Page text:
­­MEDIA RELEASE



For release: 23 May 2015



The redefinition of marriage and family in Ireland this weekend is a wake-up call to Australians who value the rights of children and freedom of belief.



The Australian Christian Lobby is disappointed that the Irish movement to redefine marriage, funded by $16 million US dollars, has succeeded at a national referendum today.



ACL Managing Director Lyle Shelton said, “Over $16 million US dollars has been provided to organisations to deliver same-sex marriage over a period of 12 years in Ireland.”[1]



Mr Shelton said despite the result in Ireland, Australia was different and he called on parliamentarians to carefully consider the consequences for children and to freedom of conscience.



“Australia should not pass a law which forces millions of Australians to pretend that a same-sex couple with children is the same thing as a mother and father with children.



“The redefining marriage movement in Ireland made a big effort to downplay the rights and interests of children, which ought to be at centre stage of all public policy.



“Because marriage confers the right to form a family, it will be very difficult to resist further law changes allowing the exploitation of women through commercial surrogacy.



“The only way the benefits of marriage equality can be provided to two men is to reform surrogacy laws so they have open access to donated women’s eggs and through the provision of ‘carrier’ wombs.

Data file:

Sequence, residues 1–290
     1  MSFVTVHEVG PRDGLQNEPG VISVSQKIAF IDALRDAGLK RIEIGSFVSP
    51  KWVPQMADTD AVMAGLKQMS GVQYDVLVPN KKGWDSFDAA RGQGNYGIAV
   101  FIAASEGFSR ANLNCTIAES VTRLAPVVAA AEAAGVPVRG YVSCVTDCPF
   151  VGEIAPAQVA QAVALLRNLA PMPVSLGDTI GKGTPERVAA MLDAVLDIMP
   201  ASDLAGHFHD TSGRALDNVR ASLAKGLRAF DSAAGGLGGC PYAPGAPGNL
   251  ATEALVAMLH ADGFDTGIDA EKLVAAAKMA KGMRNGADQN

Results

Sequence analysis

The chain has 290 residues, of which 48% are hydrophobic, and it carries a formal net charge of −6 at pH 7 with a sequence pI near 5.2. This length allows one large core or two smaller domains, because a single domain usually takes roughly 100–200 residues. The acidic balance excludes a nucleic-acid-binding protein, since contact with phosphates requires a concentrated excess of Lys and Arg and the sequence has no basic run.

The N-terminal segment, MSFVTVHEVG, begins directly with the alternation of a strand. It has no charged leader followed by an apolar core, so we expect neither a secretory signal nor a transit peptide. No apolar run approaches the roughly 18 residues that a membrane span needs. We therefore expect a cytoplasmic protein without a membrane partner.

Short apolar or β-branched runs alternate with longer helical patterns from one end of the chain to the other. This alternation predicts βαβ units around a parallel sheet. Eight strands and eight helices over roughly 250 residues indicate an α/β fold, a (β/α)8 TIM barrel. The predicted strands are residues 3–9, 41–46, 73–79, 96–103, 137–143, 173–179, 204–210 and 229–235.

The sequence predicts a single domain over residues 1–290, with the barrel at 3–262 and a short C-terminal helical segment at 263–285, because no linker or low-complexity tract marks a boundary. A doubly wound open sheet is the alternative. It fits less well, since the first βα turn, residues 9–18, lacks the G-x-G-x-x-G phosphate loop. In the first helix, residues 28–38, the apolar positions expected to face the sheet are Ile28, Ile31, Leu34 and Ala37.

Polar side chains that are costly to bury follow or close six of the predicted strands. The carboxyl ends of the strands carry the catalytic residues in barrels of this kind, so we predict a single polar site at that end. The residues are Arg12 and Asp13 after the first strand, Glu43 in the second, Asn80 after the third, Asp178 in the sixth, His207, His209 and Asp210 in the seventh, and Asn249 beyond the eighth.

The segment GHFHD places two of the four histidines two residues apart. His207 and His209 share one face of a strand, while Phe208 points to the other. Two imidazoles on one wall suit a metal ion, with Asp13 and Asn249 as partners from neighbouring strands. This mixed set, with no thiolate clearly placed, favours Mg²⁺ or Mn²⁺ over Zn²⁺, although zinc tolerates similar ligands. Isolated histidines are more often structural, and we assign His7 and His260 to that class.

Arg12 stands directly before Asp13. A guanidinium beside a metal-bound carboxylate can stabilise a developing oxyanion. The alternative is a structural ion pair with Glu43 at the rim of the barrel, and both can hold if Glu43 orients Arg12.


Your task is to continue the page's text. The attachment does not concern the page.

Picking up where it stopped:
“While some same-sex couples are already acquiring children through various means of assisted reproductive technology, this does not make severing the primal bond between a child and their mother or father right.



“Marriage equality abolishes in law and culture the idea that, wherever possible, children have a right to both their mother and father.



“If gender matters for company boards and jury selection, then how can we deny that it matters for parenting?”



Mr Shelton said the freedom of Christian and Islamic schools teaching the truth about gender complementarity in marriage would likely come into question if marriage was redefined.



People providing services to the wedding industry, who because of conscience declined to participate in a same-sex wedding, would risk being punished under Australia’s anti-discrimination laws.



 



[1]



































































Grantee Period Amount Source
the Gay and Lesbian Equality Network (GLEN) 2005-2011 $4,727,860 http://www.atlanticphilanthropies.org/grantee/gay-and-lesbian-equality-network
Marriage Equality 2010-2011  $475,215 http://www.atlanticphilanthropies.org/grantee/marriage-equality-ltd
Irish Council for Civil Liberties (ICCL) 2001-2013 $11,557,393 http://www.atlanticphilanthropies.org/grantee/irish-trust-civil-liberties-human-rights-and-fundamental-freedoms    http://www.irishtimes.com/opinion/breda-o-brien-asking-questions-about-funding-for-referendum-campaign-1.2205469
Total   $16,285,253